§ From John Morrow, Jr.
7 March 1811, Pittsburgh. “I am an unfortunate pilgrim hunted from one part of the U S to the other.… Every person appear[s] to know me, yet no person will confess it.… My nearest blood connections treat me as a slave, and … the[y] say I am disordered in my mind.” This has been the case for more than four years. Has been told there is an “enormous sum of money” offered for him but cannot find out by whom. Was born in “this land of liberty” and trusts that freedom “the meanest citizen enjoys, will not be denied me.” If his actions are ever considered disgraceful, he is “willing to go to any of the Territories, and live secluded,” but hopes for mercy from the “first magistrate of a free and enlightened people.”1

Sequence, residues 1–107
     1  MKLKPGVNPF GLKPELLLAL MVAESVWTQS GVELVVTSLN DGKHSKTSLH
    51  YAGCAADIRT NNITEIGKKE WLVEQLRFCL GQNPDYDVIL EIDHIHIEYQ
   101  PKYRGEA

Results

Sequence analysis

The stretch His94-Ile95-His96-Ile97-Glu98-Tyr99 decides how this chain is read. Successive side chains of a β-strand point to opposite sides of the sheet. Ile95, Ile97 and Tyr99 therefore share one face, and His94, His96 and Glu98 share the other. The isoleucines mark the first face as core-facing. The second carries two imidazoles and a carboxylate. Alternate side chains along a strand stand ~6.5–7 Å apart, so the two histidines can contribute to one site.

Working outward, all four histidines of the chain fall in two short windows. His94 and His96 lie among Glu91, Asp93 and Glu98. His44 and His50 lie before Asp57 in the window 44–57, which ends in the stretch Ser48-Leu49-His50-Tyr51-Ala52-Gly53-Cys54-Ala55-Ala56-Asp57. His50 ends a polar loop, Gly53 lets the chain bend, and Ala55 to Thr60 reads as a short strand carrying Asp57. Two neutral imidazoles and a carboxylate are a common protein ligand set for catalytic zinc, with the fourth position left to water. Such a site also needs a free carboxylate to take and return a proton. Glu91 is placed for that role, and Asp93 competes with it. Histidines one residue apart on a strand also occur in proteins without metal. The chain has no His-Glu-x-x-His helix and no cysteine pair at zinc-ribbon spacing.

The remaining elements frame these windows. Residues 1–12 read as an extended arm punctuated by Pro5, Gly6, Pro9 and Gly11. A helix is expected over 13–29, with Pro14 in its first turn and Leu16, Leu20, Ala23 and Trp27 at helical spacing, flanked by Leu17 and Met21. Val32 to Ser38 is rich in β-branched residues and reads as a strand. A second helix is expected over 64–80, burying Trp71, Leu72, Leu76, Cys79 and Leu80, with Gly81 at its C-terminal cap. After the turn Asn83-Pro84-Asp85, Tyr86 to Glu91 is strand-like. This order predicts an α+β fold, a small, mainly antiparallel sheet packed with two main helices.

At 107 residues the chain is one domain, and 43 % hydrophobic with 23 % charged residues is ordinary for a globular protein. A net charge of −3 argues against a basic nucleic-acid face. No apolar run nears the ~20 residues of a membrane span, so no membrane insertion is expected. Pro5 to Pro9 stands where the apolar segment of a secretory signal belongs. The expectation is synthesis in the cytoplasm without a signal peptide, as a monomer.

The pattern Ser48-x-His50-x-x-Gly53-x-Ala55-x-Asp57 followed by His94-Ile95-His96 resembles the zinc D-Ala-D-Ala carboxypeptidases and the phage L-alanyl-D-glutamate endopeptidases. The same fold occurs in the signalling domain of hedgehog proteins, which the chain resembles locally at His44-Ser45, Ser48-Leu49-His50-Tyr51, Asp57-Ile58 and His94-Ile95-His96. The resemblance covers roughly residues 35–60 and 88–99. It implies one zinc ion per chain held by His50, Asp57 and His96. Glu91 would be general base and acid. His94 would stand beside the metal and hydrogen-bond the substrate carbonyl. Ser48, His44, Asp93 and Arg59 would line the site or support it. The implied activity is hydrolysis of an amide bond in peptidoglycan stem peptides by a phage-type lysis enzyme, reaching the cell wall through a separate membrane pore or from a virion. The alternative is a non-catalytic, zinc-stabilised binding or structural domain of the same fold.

RC (DLC). 1 p.
1. Morrow wrote to JM again on 16 July 1811 (NN; 3 pp.), mentioning that he had been “grossly insulted” on 4 July. On this occasion, he claimed that “Mr. Jefferson was the first cause of my persecution” and that $1.5 million had been appropriated for that purpose. He further complained of being “calld a negroe wherever I go” and asserted that he should not be treated as a slave.